ONTARIO COURT OF APPEAL SUMMARIES (APRIL 9 – APRIL 13, 2018 )

Good evening,

I hope everyone is surviving the freezing rain storm!

In Nodel v. Stewart Title Guaranty Company, 2018 ONCA 341, the title insurer, Stewart Title, sought to avoid coverage for a mortgage fraud on the basis of an exclusion that purported to exclude coverage for funds that were “paid to any person other than the registered title holder.” The mortgage funds were delivered to the title holder’s lawyer in trust, rather than the title holder himself (as in every mortgage transaction), and the title insurer had denied coverage on that basis. LawPro settled with the plaintiff on behalf of the lawyers involved, and brought the motion for coverage against Stewart Title. The Court of Appeal sensibly held that the exclusion did not apply, as payment of the funds to the title holder’s lawyer was the same thing as paying them to the title holder directly.

In Wallbridge v. Brunning, the Court of Appeal held that whether a law firm can be vicariously liable for defamatory statements made by a lawyer who practices “in association” with it (as opposed to being an associate employed by the law firm or a partner of the law firm), is an issue of general importance that should be determined at a trial and not on a motion for summary judgment. It therefore set aside the motion judge’s order dismissing the action against the law firm.

Other topics covered this week included several wills and estates matters, wrongful dismissal, family law (custody and abduction), limitation periods and some procedural matters.

John Polyzogopoulos

Blaney McMurtry LLP

jpolyzogopoulos@blaney.com

Tel: 416 593 2953

Table of Contents

Oza v. Oza, 2018 ONCA 360

Keywords: Wills and Estates, Proceeds of Life Insurance Policies, Revocable Beneficiaries

 Zafar v. Saiyid, 2018 ONCA 352

Keywords: Family Law, Custody and Access, Child Abduction, Best Interests of the Child, Convention on the Civil Aspects of International Child Abduction, Articles 12, 13(b), Children’s Law Reform Act, R.S.O. 1990, c. C.12., s. 46(2)

Cunningham v. Hutchings, 2018 ONCA 365

Keywords: Civil Procedure, Representation by Lawyer, Orders, Remedy for Breach, Setting Aside, Motions, Notice, Rules of Civil Procedure, Rule 15.04, Rule 37.14

Aloe v. Aloe, 2018 ONCA 358

Keywords: Wills and Estates, Civil Procedure, Orders, Contempt, Varying Orders, Limitation Periods, Reasonable Apprehension of Bias, Trustee Act, R.S.O. 1990, c. T.23, s. 38(3), Limitations Act, 2002, S.O. 2002, c. 24, Sched. B, Limitations Act, R.S.O. 1990, c. L.15, Rules of Civil Procedure, Rule 59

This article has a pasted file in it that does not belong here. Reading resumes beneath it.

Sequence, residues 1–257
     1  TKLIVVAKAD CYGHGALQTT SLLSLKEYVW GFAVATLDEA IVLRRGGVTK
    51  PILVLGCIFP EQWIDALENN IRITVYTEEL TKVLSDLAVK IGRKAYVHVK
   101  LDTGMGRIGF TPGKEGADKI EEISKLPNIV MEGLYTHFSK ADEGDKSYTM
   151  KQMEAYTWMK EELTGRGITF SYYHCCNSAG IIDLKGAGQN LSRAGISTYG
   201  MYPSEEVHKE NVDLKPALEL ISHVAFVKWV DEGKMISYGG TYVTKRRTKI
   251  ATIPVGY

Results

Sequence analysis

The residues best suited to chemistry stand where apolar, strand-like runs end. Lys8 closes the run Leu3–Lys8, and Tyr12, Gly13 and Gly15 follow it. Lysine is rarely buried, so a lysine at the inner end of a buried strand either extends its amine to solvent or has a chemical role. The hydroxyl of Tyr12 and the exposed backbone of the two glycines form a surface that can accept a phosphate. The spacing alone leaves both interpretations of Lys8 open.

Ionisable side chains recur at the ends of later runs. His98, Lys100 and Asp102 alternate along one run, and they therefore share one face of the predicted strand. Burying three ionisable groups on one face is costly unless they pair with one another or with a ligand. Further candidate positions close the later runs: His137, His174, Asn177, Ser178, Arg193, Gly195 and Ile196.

Singer v. Nordstring Equipment Limited, 2018 ONCA 364

Keywords: Employment Law, Wrongful Dismissal, Damages, Payment in Lieu of Notice, Reasonable Notice Period, Bonus, Benefits

Turcotte v. Lewis, 2018 ONCA 359

Keywords: Torts, Assault, Negligence, Standard of Care, Summary Judgment, Rules of Civil Procedure, Rule 20.05

Wallbridge v. Brunning, 2018 ONCA 363

Keywords: Torts, Defamation, Partnerships, Vicarious Liability, Lawyers Practicing in Association, Summary Judgment

Nodel v. Stewart Title Guaranty Company, 2018 ONCA 341

Keywords: Contracts, Title Insurance, Coverage, Mortgage Fraud,Contractual Interpretation, Ambiguity, Contra Proferentem, Cabell v. The Personal Insurance Company, 2011 ONCA 105

Lucky Star Developments Inc. v. ABSA Canada International, 2018 ONCA 346

Keywords: Civil Procedure, Amending Pleadings, Limitation Periods, Limitations Act, 2002, S.O. 2002, c. 24, Sched. B, ss.4, Special Circumstances, Joseph v. Paramount Canada’s Wonderland, 2008 ONCA 469

A.H. v. S.B., 2018 ONCA 347

Keywords: Family Law, Custody, Evidence, Admissibility, Hearsay, Surreptitious Recordings, Voir Dire

Fenn v. McCabe, 2018 ONCA 329

Keywords: Civil Procedure, Appeals, Dismissal for Delay, Motions, Adjournments

Seguin v. Pearson, 2018 ONCA 355 

Keywords: Wills and Estates, Inter Vivos Transfers, Undue Influence, Burden of Proof, Presumption of Undue Influence, Banton v. Banton (1998), 164 D.L.R. (4th) 176, Testamentary Gifts, , Vout v. Hay, [1995] 2 S.C.R. 876, Neuberger v. York, 2016 ONCA 191, Costs, Whether Payable by Estate

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Civil Decisions

Oza v. Oza, 2018 ONCA 360

[Pepall, Roberts and Miller JJ.A.]

Counsel:

M Todd, for the appellant

I Vacaru and R Godard, for the respondent, Prema Oza

Keywords: Wills and Estates, Proceeds of Life Insurance Policies, Revocable Beneficiaries

Facts:

The appellant appeals from the order declaring that life insurance proceeds from his deceased father’s life insurance policy are payable to his father’s estate. The appellant’s father died on November 13, 2013. The appellant is the sole trustee of his father’s estate. He and his three siblings (who are respondents in the application) are the sole beneficiaries under their father’s will. The life insurance policy in issue was originally issued by Metropolitan Life Insurance Company in the names of the appellant’s mother and father. The appellant’s mother passed away on August 14, 1998. On August 31, 1998, his father changed the beneficiary designation under the insurance policy to the appellant. The form indicates that the father made the appellant a revocable beneficiary.  Metropolitan Life was subsequently acquired by Sun Life Assurance Company of Canada, and a new Sun Life policy number was assigned to the policy issued to the appellant’s parents. On January 30, 2006, the appellant’s father signed a Sun Life Assignment Policy Absolute in the presence of Alan Berger, his insurance agent. The Assignment provides that it has the effect of cancelling all previous beneficiary designations. The appellant was not present and was unaware of the meeting or the Assignment until after his father’s death when Mr. Berger advised him that the effect of the Assignment was that the proceeds under the life insurance policy would go to his father’s estate.

Issues:

(1) Did the motion judge err in failing to declare that the appellant was entitled to the proceeds under his father’s life insurance policy?